Muslim leaders look inward after arrests…
The adults thought they’d done all they could. They had condemned extremist ideology, provided ski trips and scout meetings, and encouraged young people to speak openly about how to integrate their religion, Islam, with the secular world.
But since five college-age Virginia men were arrested in Pakistan earlier this month after allegedly being recruited over the Internet to join al-Qaeda, many Washington area Muslims are questioning whether mere condemnation is enough.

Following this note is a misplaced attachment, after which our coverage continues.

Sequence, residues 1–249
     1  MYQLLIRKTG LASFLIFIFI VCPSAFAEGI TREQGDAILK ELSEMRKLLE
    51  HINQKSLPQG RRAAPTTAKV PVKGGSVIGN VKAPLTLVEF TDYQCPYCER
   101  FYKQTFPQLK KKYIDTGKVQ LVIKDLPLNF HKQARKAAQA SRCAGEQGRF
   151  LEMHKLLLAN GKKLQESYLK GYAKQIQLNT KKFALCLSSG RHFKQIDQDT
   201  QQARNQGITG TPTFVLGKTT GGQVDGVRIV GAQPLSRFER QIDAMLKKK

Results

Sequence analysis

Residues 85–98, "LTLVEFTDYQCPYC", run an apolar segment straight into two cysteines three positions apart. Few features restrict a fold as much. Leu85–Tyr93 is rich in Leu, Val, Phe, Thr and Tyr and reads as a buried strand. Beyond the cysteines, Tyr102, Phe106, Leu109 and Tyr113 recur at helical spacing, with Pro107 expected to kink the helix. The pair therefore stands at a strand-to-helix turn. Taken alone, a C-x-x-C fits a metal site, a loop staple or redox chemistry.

Until now, many Muslim leaders have focused on what they saw as external threats to young people, such as Islamophobia or the temptations of modern secular life. Now they say it is time to look inward, to provide a counterweight to those who misinterpret Koranic verses to promote violence — and to learn what rhetoric and methods appeal to young people.
Radicals “seem to understand our youth better than we do,” said Mahdi Bray, executive director of the Muslim American Society Freedom Foundation.